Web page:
There are no limits to the type of linguistic research that can be carried out using a corpus. However, although the principle is simple, Michael Rundell points out that ‘you may have the best corpus and the best lexicographers in the world, but you won’t produce a good dictionary unless you apply well-thought-through principles to the complex process of analyzing corpus data and converting it into useful, relevant, and easy-to-use dictionary text.'

Types of corpora

The character of a corpus is determined by the type of texts that constitute it. Whereas Dr Johnson’s corpus consisted largely of works by Shakespeare, Milton, Dryden and other literary figures, a modern general corpus will contain both written and transcribed spoken material from a wide range of media such as:

  • Books
  • Magazines
  • Newspapers
  • Emails
  • Websites
  • Television
  • Radio
  • Conversations

Linguistic investigation will often require the analysis of specialised texts, and the corpora that a researcher uses or creates may reflect this. A corpus could, for example, consist entirely of any of the following:

  • Samples of written US English
  • Samples of spoken British English
  • Business correspondence
  • Legal contracts
  • Old English
  • Children’s speech

Here are three other types of corpora that are worth mentioning:

The learner corpus: Just as it sounds, this is a database of samples of English (or any language) that have been produced by learners. The writers of the Macmillan Dictionary used such a corpus in order to identify the most common problems that learners experience when using English.

The multilingual corpus: The two corpora that we have mentioned so far (Dr Johnson’s and the World English Corpus) are both monolingual in that they are made up entirely of texts in English. However, a corpus can consist of texts in two or more languages and provide translators with an effective tool for finding the equivalent ways in which different languages express similar ideas.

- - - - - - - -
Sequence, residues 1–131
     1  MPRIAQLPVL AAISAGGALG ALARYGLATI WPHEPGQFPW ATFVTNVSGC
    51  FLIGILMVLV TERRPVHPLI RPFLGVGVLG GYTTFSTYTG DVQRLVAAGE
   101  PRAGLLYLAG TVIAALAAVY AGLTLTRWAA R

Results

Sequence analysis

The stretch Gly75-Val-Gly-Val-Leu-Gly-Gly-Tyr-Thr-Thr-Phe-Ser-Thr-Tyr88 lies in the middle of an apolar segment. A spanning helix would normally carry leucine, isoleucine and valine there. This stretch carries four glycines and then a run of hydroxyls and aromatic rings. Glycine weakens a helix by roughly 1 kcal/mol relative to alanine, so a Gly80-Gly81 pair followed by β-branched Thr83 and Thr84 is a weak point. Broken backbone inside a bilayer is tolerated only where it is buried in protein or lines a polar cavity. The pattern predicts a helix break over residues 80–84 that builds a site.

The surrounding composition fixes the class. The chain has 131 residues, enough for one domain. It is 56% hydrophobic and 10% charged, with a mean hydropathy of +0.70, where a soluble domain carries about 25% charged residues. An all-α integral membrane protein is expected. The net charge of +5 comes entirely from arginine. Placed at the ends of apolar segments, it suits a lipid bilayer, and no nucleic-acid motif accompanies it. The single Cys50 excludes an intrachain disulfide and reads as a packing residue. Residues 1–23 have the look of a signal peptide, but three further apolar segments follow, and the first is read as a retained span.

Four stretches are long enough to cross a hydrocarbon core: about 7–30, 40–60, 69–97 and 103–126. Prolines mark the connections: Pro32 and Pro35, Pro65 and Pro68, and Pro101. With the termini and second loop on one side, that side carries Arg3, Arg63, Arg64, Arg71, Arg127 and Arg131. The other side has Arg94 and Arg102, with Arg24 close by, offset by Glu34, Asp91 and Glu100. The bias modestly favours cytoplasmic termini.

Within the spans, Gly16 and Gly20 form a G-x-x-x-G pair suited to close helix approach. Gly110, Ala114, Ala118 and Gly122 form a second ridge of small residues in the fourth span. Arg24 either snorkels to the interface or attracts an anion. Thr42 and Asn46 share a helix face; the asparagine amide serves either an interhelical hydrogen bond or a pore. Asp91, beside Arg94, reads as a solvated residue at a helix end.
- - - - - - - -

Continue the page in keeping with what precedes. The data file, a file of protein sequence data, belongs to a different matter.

Non-conventional corpora: If we define a corpus as nothing more than a large database of texts with a search facility, then we suddenly realize that most of us use corpora every day. If you have ever used the search window on the home page of onestopenglish to look for specific articles and/or lesson plans, then you have used the corpus principle. Similarly, the Windows Live Hotmail email programme has a search window which allows me to quickly locate previously received or sent emails as and when I need to (this has recently changed my life, since my inbox can be compared to an electronic version of Dr Johnson’s garret). In fact, the biggest corpus of all is the World Wide Web itself, and although it has not been specifically created for linguistic investigation, its usefulness for this purpose should by no means be disregarded.

Corpora in the classroom: a look to the series

So how does all this affect the humble language learner? Well, that is exactly what I would like to address throughout the next six articles in this series. We will see that, with a bit of thought, creativity and sensitivity to learners’ attitudes and needs, teachers can exploit corpora:

  • to create motivating classroom activities
  • to enhance their own and their learners’ linguistic understanding
  • to answer questions such as, ‘What is the difference between no and not?'
  • to create investigative homework activities
  • to promote learner autonomy

The first three articles in this series will focus on non-conventional corpora such as lyric search sites, film scripts and internet search engines. Later, we will examine the diverse possibilities for conventional corpora in the classroom. Finally, we will see how easy and advantageous it can be for your learners to develop their own personal corpus.